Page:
Respondents were asked to pick the three factors that decide their choice of commute. The most chosen factors show a similar profile across different segments of the UoB population. At the top end, time taken, convenience and value for money decide whether a commute works for a member of our community. The mapping analysis showed that journeys by bus and train are generally slower than by car, so there is an uphill challenge in the immediate term. A cyclist can cover nearly as much distance to Old Joe in 30 minutes as a car driver, so commuting by bike can realistically compete on time taken with local solo car journeys. The reliability and flexibility of the commute are significant factors too, the latter in particular for solo car drivers, who rate it much higher than monetary value.
Enabling sustainable choices
The survey then asked respondents to identify the single factor that would most enable and encourage them to take one of the sustainable commuting modes, or to continue to do so if they do already. These questions deepen our understanding of a set of questions in the 2018 survey, which allowed multiple selections. Making just one choice possible shows what really matters to our commuters and will clearly define actions for the next sustainable travel plan, but it is understood that all the options are important to some extent. Here’s what the responses indicated.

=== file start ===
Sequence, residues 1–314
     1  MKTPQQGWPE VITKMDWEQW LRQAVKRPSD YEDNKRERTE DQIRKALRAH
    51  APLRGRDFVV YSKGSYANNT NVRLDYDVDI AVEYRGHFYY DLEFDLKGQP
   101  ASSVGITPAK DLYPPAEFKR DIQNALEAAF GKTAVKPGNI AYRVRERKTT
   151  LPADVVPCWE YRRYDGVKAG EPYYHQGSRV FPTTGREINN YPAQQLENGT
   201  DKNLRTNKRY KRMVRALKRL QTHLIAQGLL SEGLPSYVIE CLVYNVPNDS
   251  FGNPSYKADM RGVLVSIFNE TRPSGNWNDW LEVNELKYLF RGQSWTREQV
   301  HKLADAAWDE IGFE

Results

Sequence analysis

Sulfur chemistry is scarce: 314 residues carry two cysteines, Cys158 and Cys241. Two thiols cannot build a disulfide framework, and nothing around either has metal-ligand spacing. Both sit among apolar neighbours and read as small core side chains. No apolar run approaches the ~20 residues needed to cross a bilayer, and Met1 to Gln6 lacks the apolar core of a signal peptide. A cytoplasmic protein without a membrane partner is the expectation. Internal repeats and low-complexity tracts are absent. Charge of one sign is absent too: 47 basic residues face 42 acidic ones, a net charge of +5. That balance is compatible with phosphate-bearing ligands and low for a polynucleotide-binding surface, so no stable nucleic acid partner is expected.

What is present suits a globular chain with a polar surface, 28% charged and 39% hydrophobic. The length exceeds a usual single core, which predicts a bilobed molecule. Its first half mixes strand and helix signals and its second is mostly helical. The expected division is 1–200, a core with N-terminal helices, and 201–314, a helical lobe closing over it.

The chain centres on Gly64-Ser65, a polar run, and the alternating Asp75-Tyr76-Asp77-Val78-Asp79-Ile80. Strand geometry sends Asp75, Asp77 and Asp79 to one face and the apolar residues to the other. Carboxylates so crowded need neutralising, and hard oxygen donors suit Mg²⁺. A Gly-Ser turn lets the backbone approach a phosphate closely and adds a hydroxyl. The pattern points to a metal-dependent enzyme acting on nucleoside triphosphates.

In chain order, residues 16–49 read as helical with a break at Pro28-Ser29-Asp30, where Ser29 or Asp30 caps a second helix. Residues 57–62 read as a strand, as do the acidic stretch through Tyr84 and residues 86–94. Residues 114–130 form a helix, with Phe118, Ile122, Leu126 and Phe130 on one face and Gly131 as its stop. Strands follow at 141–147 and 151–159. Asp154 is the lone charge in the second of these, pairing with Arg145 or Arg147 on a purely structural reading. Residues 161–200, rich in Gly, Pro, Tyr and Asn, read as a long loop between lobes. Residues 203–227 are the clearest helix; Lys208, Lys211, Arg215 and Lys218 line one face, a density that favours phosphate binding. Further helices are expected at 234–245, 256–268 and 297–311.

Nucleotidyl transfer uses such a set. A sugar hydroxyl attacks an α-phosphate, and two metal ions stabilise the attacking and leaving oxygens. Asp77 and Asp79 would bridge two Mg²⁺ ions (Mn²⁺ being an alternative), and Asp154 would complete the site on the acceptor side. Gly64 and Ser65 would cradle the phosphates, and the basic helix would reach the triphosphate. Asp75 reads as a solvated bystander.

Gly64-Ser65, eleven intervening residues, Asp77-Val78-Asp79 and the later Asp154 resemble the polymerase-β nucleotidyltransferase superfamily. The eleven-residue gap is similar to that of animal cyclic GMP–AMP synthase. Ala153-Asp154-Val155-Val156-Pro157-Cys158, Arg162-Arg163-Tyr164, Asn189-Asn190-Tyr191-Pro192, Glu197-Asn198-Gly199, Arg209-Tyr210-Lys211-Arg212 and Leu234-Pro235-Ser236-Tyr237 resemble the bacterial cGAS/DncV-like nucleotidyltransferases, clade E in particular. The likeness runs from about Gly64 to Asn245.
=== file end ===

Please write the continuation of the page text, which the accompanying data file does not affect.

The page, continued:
It is a curious paradox that reduced fares are the single most important factor to encourage take up of public transport, whether amongst staff, students, train travellers or solo car drivers, because value for money was only third on the list of general factors affecting commuting choices. The one exception is current bus travellers, which shows how effectively University of Birmingham and partners have have managed to reduce the cost of bus travel. Shorter journey times on public transport would encourage current solo car drivers to try it; greater service frequency and reliability are more important for current bus and train travellers. A central theme of the free responses was that public transport in Birmingham needs to improve and fares need to fall if the university is to be successful in encouraging sustainable commuting, and these results clearly show how.
There is a clear priority for encouraging cycling: making roads safer and adding cycling infrastructure. Forty percent of potential cyclists say so and, tellingly, 60% of current cyclists do too. Improving campus facilities with secure cycle storage and showers and changing facilities are significant for staff; being able to buy a good-value bike is important for would-be student cyclists.
Personal safety is most important for students with 44% saying that they would walk more if there was a lower risk of harm. Over a third of staff who could walk said the same. Students selected ‘other people to walk with’ in large numbers, which is likely motivated by personal safety concerns, and suggests community-based solutions. Road safety is key for both groups, especially staff, and over 22% of colleagues who could walk would like to see better facilities in their building, just like their cycling counterparts.
The most important thing to enable colleagues to carpool is having the right person share with, whether on a personal or practical level. It is essential therefore to attract as many staff as possible to join a lift sharing scheme to raise the chances of making compatible carpools. Other factors, notably financial incentives and back up options, are secondary, though they can help make a scheme attractive.